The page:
Playing at jam sessions is an important milestone in the life of all guitarists. Getting together with other like-minded people is great fun, fosters friendships, and will really advance your guitar skills.
After playing guitar for 20+ years, I've had my share of jams, good ones, and bad ones.
There are a number of guitar skills you already need to be comfortable with in order to be able to play acoustic or electric guitar at jam sessions with other musicians, here they are in no particular order.
Rhythm guitar skills
Playing at a jam is not about you. It's about the collective making music together.
Even if you have amazing chops, you will mostly be playing rhythm guitar at any given jam session.
All in all, about 80-90% of your playing will be rhythm guitar. Not because you can't play lead, but because that's one of the main roles of the guitarist in a band setup.
And even if you don't play lead guitar, you can still attend a jam playing just rhythm guitar.
How can you improve your rhythm guitar skills?
First off, learn loads of grooves of all types in all genres.
Funk guitar? Yes, please. Funk is underrated, but a great funk guitar rhythm can really spice up a song.
Blues guitar? Definitely. It has always been one of the most played genres at the jam sessions I've been at.
Rock guitar? The more the better.
Know your keys
One out of 2 things can happen at a jam:
- You will play a popular song (perhaps a standard in a genre)
- Someone will call out a key and you'll need to improvise in that key
If it's the later, you need to be comfortable with the concept of keys and be able to identify the chords of any key.
I would say the most used keys are A, C, D, E, G. Also, their relative keys are used often as well.
You need to know the notes of each key (easy using scale shapes), and the chords of the keys. This requires a bit of theoretical knowledge, as you need to learn the theory of why each key has given chords.
Know your chords
Once you know your keys and the chords in a key, you need to learn the specific chords.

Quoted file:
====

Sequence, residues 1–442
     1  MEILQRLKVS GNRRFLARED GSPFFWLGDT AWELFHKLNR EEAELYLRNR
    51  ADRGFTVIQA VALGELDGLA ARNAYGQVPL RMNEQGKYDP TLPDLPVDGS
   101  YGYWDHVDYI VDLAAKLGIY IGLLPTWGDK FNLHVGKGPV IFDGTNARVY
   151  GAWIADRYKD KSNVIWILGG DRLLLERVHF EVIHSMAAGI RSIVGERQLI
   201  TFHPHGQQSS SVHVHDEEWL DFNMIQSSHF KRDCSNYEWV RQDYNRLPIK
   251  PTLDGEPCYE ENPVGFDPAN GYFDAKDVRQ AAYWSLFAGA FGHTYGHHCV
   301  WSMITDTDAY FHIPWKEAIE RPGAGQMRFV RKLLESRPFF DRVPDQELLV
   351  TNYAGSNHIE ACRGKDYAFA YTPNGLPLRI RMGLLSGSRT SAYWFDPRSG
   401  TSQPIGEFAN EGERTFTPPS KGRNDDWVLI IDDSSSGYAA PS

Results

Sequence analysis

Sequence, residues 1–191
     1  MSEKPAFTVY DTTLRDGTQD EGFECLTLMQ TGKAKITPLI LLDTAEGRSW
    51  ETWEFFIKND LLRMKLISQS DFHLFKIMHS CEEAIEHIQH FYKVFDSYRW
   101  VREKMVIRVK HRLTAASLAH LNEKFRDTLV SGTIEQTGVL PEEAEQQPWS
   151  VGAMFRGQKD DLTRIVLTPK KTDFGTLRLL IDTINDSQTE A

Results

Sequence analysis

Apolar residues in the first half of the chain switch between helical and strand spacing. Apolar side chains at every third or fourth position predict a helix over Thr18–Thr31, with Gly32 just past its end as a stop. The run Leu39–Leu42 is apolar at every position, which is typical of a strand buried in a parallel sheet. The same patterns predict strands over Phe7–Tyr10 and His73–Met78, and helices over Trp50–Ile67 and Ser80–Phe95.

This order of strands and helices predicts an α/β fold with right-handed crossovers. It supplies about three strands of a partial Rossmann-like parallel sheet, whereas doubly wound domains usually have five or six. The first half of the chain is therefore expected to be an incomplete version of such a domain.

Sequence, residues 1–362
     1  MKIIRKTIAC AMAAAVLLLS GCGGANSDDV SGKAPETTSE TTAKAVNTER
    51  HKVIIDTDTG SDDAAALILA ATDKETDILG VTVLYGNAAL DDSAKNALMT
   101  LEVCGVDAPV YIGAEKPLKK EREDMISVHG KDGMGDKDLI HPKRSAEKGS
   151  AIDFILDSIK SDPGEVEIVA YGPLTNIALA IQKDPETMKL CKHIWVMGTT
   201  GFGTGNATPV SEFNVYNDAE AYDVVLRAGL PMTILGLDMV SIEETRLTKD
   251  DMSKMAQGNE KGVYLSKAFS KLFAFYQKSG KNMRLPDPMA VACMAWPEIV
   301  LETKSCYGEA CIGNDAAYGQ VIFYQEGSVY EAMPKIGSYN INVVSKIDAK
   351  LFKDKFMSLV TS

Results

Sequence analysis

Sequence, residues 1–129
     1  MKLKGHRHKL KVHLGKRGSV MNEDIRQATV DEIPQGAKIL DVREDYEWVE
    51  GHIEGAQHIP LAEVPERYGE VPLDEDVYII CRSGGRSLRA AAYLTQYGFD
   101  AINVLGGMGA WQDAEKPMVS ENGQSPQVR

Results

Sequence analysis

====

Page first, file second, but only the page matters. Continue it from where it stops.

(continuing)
This requires knowledge of barre chords, so if you can't play barre chords yet, practice them first.
Here are the chord qualities you need to be familiar with:
So you basically need to learn all of the chords with all of the qualities all over the neck.
This might seem hard, but it's actually not if you use the CAGED system. By using CAGED, you can play several voicings of any chord all over the fretboard.
Spice up your chords
Strumming at the same old chords will get boring for you, and the others during the jam session.
To spice up your chords, you can:
- Use different voicings - Even the most repetitive strumming pattern can be spiced up by using different voicings of the same chord. Use the CAGED system to find alternate voicings of whichever chord you are playing.
- Slide into chords - Sliding into the next chord from 1 fret lower can do marvels.
- Add interesting groove variations - We already talked about this above.
- Learn chord embellishments - Small variations to your main chords that will make any old chord much more interesting. For example, add the Dsus4 and Dsus2 while you're strumming at the D chord. Or adding the high E string 3rd fret to a C major. Small things like this will make any chord more interesting.
- Fill riffs - Practice riffs to add to your chords while strumming. So let's say you're in a 12 bar blues. You should be able to add small fill licks on the chord you are playing. And even call and response style riffs.
While it's nice to spice up a chord here and there, you have to be careful not to take it overboard.
Playing at a jam session is a group activity. You should only spice things up when it's OK to do so, not interfering with what others are playing/singing at the given moment in time.